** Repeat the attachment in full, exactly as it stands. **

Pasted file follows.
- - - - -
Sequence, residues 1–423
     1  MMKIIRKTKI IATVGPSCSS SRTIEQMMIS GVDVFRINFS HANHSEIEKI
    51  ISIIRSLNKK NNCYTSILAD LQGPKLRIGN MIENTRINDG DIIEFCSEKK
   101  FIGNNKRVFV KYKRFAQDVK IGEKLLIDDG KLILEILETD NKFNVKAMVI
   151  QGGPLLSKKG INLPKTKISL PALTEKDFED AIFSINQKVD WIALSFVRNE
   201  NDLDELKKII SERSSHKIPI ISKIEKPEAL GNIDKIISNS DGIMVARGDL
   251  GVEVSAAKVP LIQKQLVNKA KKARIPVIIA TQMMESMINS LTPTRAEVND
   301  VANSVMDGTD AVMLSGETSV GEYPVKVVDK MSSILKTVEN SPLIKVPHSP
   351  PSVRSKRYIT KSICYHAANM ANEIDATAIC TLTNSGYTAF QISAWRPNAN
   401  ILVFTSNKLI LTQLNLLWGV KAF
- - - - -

Sequence, residues 1–423
     1  MMKIIRKTKI IATVGPSCSS SRTIEQMMIS GVDVFRINFS HANHSEIEKI
    51  ISIIRSLNKK NNCYTSILAD LQGPKLRIGN MIENTRINDG DIIEFCSEKK
   101  FIGNNKRVFV KYKRFAQDVK IGEKLLIDDG KLILEILETD NKFNVKAMVI
   151  QGGPLLSKKG INLPKTKISL PALTEKDFED AIFSINQKVD WIALSFVRNE
   201  NDLDELKKII SERSSHKIPI ISKIEKPEAL GNIDKIISNS DGIMVARGDL
   251  GVEVSAAKVP LIQKQLVNKA KKARIPVIIA TQMMESMINS LTPTRAEVND
   301  VANSVMDGTD AVMLSGETSV GEYPVKVVDK MSSILKTVEN SPLIKVPHSP
   351  PSVRSKRYIT KSICYHAANM ANEIDATAIC TLTNSGYTAF QISAWRPNAN
   401  ILVFTSNKLI LTQLNLLWGV KAF